If you’re like most people, land use planning is somewhat of a mystery, so the purpose of this article is to explain how planning and zoning work.
Provincial Policy Statement
Planning in Ontario is based on a hierarchy of policy levels, starting with the Provincial Policy Statement (often referred to as the PPS).
The PPS sets out broad policies (“settlement areas shall be the focus of growth and development”) which the plans and policies of lower levels of government must be consistent with.
Ontario municipalities must have an Official Plan which translates the high-level policies of the PPS to the local level.
For example, the PPS says that development should be focused in settlement areas, while the County’s Official Plan specifies that “three settlement area designations are established by the Plan, Urban Centre, Village and Hamlet, reflecting a hierarchy of sizes, functions, mix of uses, servicing infrastructure and prospects for growth.”
Taking the example of the Hamlet designation, the OP says there “will be a mix of low density residential uses, community facilities such as parks, schools and community centres, dry commercial uses that service the needs of surrounding residents and tourists as well as home businesses.”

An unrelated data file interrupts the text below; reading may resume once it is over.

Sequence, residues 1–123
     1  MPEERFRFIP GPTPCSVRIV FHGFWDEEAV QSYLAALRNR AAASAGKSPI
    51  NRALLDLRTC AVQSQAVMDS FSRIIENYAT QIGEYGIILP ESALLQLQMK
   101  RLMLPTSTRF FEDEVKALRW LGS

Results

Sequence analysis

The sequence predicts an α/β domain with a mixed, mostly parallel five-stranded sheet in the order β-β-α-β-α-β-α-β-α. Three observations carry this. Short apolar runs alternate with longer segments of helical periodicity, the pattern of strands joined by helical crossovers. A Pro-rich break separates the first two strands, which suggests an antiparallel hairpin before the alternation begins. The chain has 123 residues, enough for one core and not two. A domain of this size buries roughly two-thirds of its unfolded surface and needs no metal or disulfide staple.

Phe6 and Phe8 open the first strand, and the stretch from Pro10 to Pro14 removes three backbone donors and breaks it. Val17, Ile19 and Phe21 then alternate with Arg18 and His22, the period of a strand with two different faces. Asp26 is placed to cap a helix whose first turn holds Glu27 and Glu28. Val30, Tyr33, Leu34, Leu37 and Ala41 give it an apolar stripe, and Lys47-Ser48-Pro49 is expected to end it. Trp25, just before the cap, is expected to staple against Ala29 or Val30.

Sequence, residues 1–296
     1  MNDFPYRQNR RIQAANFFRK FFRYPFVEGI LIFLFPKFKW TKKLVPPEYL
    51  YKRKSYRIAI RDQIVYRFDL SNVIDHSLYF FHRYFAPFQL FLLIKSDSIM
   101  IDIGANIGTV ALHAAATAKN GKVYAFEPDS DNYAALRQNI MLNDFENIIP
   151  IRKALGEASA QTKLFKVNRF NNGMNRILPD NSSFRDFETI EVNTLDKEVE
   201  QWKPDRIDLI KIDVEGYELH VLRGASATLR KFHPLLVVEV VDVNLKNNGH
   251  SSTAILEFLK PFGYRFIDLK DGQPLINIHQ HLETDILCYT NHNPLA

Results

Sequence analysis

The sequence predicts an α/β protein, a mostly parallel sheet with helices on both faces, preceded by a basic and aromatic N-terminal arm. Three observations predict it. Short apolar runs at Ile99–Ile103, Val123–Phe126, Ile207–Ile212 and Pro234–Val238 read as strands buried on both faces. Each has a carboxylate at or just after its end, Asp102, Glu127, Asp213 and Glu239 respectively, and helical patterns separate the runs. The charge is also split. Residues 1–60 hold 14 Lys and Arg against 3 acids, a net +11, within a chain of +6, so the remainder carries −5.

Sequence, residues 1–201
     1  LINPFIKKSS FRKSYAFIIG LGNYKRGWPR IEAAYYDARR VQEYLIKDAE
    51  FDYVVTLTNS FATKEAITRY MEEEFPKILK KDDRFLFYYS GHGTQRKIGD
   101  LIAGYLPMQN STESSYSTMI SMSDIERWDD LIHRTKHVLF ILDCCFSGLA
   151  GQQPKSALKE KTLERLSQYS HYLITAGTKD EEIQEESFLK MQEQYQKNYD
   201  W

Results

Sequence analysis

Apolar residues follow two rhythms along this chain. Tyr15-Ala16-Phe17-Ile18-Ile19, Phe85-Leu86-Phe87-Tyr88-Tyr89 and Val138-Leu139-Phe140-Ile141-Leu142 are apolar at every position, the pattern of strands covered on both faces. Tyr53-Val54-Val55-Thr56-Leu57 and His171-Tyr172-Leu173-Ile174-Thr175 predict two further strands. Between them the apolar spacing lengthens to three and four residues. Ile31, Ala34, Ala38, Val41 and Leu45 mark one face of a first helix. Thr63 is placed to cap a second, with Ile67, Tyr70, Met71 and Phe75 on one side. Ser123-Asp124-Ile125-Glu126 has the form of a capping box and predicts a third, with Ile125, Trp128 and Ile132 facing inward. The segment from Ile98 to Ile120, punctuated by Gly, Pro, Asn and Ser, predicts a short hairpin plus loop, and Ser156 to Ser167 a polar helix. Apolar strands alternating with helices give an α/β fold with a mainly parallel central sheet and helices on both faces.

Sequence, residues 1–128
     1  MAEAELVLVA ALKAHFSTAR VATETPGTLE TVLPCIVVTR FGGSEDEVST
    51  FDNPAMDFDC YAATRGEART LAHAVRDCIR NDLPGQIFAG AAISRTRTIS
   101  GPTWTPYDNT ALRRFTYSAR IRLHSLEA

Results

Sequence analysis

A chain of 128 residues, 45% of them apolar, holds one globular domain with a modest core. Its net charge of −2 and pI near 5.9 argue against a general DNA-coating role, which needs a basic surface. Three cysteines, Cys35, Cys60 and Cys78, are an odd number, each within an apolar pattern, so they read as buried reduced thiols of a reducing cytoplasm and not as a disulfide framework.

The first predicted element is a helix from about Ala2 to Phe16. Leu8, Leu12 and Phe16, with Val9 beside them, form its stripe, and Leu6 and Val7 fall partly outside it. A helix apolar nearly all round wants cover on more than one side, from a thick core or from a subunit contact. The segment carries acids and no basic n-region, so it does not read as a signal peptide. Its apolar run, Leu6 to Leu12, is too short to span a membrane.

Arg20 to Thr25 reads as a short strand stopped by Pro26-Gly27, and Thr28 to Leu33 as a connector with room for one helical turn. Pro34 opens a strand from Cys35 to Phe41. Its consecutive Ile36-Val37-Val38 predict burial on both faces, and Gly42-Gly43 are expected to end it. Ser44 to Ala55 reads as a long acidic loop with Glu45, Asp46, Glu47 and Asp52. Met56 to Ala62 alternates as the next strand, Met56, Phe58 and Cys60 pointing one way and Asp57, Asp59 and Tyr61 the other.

Even the policies in the Official Plan are still quite general, so municipalities have zoning by-laws which comply with their OP and provide enough detail to guide day-to-day land use.
Zoning by-laws generally include things like permitted uses (residential and non-residential), minimum lot size, the minimum setbacks between buildings and lot boundaries, etc.
In the example given, the Hamlet Residential (HR) zone includes things like 1.0-acre minimum lot size, 148 feet minimum frontage on the road, 20 feet minimum front yard, etc.
One Designation, Multiple Zones
Within any land use designation such as Hamlet, multiple zones can apply, reflecting the different intended uses within the zone.
The zoning map which accompanies this article shows the Hamlet of Bloomfield with zones including HR (Hamlet Residential), CL (Local Commercial), I (Institutional) and EP (Environmentally Protected). \
For More Information
Contact firstname.lastname@example.org for more information on how planning and zoning work in Prince Edward County.
Be the first to comment